Charlotte Bobcats center Al Jefferson signed a lucrative deal during the summer to the tune of three years, $41 million. Early in his first season with the Bobcats, he's been less than impressive thanks to a sprained ankle and a lack of reps with the team.
The Bobcats invested a large amount of money in the franchise center, hoping to build a playoff contender behind Jefferson and star point guard Kemba Walker. With Jefferson's recent injury history and Charlotte's lack of cohesiveness on the floor, it might be time to worry about how this gamble will pay off.
Jefferson initially sprained his right ankle early in the preseason, missed nearly three weeks and recovered enough for opening night against the Houston Rockets. Jefferson aggravated the ankle in Charlotte's loss to the Rockets and, after missing five games, returned November 11 against the Atlanta Hawks.
Sunday at practice, Jefferson explained his concerns about re-injuring the ankle to Rick Bonnell of the Charlotte Observer.
“I don’t want to play one game, then sit out another two weeks,” Jefferson said. “When I come back, I want to come back to stay.”
Jefferson has played all 82 games just twice in his career (2007-08, 2010-11). He's played upward of 70 games just three times (2004-05, 2009-10, 2012-13). He tore his ACL in 2008-09, forcing the big man to miss 32 games. In 2011-12, Jefferson had a variety of injuries that hampered him, including tendinitis in his right ankle, which forced him to sit 22 games.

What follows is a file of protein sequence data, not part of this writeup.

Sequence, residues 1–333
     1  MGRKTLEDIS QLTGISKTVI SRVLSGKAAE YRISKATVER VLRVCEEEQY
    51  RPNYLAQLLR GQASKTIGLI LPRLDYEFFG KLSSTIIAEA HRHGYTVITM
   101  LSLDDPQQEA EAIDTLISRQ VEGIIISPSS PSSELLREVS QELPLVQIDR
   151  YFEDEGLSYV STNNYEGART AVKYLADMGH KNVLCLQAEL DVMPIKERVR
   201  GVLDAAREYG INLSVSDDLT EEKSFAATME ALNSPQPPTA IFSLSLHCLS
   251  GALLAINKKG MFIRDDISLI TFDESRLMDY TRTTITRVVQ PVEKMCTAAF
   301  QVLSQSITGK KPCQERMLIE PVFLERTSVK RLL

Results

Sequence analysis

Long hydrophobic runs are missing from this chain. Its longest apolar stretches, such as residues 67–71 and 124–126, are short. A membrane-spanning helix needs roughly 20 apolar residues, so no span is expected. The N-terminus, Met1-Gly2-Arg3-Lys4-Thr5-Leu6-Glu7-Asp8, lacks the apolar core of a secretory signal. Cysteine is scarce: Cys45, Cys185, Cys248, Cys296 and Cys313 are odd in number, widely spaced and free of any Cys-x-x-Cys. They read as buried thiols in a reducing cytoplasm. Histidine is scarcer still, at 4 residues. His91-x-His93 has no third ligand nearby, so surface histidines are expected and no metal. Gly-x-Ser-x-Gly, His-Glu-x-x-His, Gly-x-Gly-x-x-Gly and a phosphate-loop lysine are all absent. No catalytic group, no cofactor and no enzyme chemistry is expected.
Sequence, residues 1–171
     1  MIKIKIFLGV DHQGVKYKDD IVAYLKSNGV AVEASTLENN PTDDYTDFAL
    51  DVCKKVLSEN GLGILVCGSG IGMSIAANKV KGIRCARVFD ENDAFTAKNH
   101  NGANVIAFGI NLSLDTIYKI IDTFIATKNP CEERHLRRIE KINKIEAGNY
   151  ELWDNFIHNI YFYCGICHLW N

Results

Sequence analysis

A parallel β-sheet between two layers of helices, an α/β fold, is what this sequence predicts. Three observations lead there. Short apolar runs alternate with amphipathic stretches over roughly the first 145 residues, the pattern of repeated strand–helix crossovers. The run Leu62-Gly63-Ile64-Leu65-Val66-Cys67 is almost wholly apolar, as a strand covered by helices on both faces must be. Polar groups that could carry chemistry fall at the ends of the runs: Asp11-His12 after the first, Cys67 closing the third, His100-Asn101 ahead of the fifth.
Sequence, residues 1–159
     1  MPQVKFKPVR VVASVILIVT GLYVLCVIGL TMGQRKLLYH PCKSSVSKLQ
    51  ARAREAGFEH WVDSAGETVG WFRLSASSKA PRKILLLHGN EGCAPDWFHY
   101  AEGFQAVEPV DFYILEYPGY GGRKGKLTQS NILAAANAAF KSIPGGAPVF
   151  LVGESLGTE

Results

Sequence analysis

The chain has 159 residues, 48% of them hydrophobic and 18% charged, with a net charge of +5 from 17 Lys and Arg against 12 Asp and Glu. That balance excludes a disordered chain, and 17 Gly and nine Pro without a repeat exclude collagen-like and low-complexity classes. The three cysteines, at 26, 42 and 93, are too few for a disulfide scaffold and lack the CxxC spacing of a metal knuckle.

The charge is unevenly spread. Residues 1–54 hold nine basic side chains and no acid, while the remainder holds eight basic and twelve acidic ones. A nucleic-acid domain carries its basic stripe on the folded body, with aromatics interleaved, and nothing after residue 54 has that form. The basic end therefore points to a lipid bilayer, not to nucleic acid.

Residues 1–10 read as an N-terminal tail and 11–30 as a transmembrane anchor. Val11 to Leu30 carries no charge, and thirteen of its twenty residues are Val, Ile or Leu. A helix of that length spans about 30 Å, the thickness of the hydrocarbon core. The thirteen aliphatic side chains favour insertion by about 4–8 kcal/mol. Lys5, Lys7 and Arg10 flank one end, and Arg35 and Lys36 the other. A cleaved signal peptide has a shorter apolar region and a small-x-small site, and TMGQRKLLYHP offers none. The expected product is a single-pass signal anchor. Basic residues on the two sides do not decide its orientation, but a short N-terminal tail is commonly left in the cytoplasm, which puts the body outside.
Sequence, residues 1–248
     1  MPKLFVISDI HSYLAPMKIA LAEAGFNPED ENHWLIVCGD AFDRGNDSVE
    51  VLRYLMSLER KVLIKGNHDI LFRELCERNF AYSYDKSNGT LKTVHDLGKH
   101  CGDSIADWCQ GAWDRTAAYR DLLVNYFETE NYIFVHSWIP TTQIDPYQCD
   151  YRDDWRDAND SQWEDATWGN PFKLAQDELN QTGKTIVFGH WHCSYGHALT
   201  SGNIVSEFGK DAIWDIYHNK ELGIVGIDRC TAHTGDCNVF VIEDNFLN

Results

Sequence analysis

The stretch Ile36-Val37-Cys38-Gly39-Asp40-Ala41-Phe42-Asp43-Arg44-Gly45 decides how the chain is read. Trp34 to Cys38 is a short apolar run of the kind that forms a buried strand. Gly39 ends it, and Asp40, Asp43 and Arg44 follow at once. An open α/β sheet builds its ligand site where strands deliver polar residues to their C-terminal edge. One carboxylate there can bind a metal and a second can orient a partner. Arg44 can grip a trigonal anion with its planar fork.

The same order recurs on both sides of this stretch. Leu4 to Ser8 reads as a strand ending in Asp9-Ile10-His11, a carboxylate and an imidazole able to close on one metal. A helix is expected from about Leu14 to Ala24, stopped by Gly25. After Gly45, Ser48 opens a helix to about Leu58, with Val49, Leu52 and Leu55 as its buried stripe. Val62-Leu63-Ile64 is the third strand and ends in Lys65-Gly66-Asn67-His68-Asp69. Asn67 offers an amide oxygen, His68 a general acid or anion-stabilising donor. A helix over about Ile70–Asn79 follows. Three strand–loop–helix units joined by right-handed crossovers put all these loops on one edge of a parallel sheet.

It's good that Jefferson took time to recover, came back and played 27 minutes in his return. It will be interesting to see how the big man responds to this early injury bug and if he's able to play through the minor bumps and bruises that come with being an NBA center.
It's an incredibly small sample size, but Jefferson is shooting just 36 percent from the field in two games played. While he's appeared against two of the top centers in the league (Dwight Howard and Al Horford), Jefferson should see less competition in the paint moving forward.
According to Hoopdata.com, Jefferson shot 73.7 percent at the rim last season, while the Bobcats shot just 60.2 percent. Thus far this season, via NBA.com/stats, Jefferson is hitting just 38 percent of his attempts at the rim.
He's had ample opportunities, taking 13 shots near the basket, but that speaks to his competition and his role in the offense.
Charlotte is using Jefferson in the right situations, getting him the ball near the rim, but he's just not finishing. That can, and should, change over time.
The team's offensive rating kicks up a whole five points, from 95 to 100, when Jefferson is on the floor versus when he's on the bench, according to NBA.com/stats, which means the the Bobcats are getting looks and scoring.
If the Bobcats can get Jefferson in rhythm with the offense and he can stay healthy, Charlotte could take another stride forward on its goal of reaching the postseason once again.
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